The visit to Israel of Zalman Teitelbaum, one of the two men claiming the title of third "Satmar Rebbe," the other being his older brother Aaron, has stirred much attention.
He was greeted by throngs of his ultra-Orthodox followers as he entered Jerusalem, the city from which the first Satmar Rebbe, Yoelish Teitelbaum, his granduncle, ignominiously left in 1946. He had left Jerusalem only a year after he had arrived, having failed to build and sustain a small yeshiva in the ultra-Orthodox Mea Shearim quarter.
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Intense anti-Zionism characterized Yoelish Teitelbaum, despite having been saved from the Nazi death camps by the efforts of the pre-state Jewish Agency’s Rudolf Kastner. The fact that so many of his Hasidim were trapped in Nazi-occupied Hungary and sent to die meant his efforts to rebuild a following in the Zionist yishuv were a failure. Instead, he went to New York - and in Brooklyn managed to build what would become the largest Hasidic group in America.
That first Satmar Rebbe refused to compromise on his opposition to Zionism, and not only thrived in America but even founded his own shtetl in a New York suburb, which he named after himself: Kiryas Yoel. Although his three daughters had all married, by the time he died in 1979 at the age of 92, he had outlived all his possible son-in-law successors and his Hasidim were forced to turn to his nephew, Moshe Teitelbaum, crowning him the second Satmar Rebbe.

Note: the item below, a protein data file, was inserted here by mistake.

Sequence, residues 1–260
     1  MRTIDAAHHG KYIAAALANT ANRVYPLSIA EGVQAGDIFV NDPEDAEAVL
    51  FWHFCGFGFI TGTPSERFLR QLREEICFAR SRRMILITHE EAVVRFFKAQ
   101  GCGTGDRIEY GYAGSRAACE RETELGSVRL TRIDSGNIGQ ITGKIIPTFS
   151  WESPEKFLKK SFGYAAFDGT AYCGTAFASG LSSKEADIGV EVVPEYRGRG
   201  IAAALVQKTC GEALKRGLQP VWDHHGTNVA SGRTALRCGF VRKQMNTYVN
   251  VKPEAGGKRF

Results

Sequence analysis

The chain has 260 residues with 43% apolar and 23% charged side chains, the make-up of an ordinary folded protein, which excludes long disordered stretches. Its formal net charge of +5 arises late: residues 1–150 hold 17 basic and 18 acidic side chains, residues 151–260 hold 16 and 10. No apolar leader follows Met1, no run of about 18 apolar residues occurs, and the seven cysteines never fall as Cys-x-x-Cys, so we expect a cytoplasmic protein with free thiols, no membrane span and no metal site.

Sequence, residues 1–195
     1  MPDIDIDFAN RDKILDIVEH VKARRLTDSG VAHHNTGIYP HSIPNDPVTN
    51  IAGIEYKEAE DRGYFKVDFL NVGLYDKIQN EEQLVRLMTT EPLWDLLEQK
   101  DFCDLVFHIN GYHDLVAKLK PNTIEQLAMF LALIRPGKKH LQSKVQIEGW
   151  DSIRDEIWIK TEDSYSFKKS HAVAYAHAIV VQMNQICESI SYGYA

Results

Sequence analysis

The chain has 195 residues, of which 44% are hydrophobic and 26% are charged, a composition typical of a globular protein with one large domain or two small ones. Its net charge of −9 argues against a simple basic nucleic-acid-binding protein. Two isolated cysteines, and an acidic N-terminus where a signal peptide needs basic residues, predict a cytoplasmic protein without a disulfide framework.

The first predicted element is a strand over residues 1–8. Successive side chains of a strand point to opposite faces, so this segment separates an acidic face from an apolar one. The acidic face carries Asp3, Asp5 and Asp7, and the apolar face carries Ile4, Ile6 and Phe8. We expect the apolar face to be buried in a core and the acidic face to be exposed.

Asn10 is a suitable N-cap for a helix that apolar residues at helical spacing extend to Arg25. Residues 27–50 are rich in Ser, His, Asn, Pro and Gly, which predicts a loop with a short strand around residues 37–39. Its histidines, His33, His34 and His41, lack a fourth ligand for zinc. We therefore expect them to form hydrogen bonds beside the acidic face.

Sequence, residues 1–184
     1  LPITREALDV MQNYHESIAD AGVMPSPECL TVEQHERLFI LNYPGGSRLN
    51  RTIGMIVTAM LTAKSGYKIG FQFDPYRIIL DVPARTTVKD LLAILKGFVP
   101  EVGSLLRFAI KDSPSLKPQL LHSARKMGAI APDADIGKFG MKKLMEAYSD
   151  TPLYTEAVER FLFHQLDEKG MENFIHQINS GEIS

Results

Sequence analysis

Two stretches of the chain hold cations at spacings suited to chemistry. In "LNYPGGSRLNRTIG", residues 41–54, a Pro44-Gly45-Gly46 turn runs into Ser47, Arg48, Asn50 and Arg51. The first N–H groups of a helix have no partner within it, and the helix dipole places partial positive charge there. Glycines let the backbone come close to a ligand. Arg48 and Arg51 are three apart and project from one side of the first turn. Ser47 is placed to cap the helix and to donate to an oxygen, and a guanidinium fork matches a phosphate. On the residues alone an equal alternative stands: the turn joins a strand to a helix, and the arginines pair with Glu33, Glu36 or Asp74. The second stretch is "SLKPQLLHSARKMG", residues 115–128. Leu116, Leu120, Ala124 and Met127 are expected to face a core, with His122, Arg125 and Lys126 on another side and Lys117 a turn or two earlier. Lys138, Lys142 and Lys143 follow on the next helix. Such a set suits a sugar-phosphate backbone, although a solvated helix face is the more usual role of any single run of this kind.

That led to tensions within the Hasidic court. Not all the Hasidim endorsed this choice, and the most prominent opponent was Yoelish’s surviving second wife, Feige, who had effectively headed the group during her husband’s last years during which he was in declining health. She wanted to retain her leadership role even after her husband's demise.
But despite amassing supporters, she was ultimately supplanted by Moshe, the new rebbe, and his oldest son and apparent heir, Aaron, who took over the leadership of Kiryas Yoel, where the widow was headquartered. The dowager rebbetzin tried to use her control of the Satmars' by now ample funds, which she dispensed to needy organizations and individual Hasidim, to buttress her position. But in the end, Moshe Teitelbaum inherited the leadership and full control of its resources.
Moshe held fast to the anti-Zionism of his uncle. Despite his initially contested reign, under him Satmar grew in numbers, expanding in its Williamsburg, Brooklyn capitol and also in Kiryas Yoel. The latter's population grew by about 25 percent every ten years. In Williamsburg alone, the Satmar yeshiva now has close to 60,000 students, up from a mere 800 in 1959.
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Yet ironically, despite the movement's institutional wealth, and as the number of his Hasidim grew, the per capita income of those Hasidim has not. In Williamsburg, large numbers lived in state subsidized housing, many relied on welfare benefits. The U.S. census revealed that in Kiryas Yoel (in many ways just a smaller version of Satmar Brooklyn, with a population just above 25,000), for the 50 percent of residents subsisting below the poverty level in 1999, their economic situation had not improved by 2018.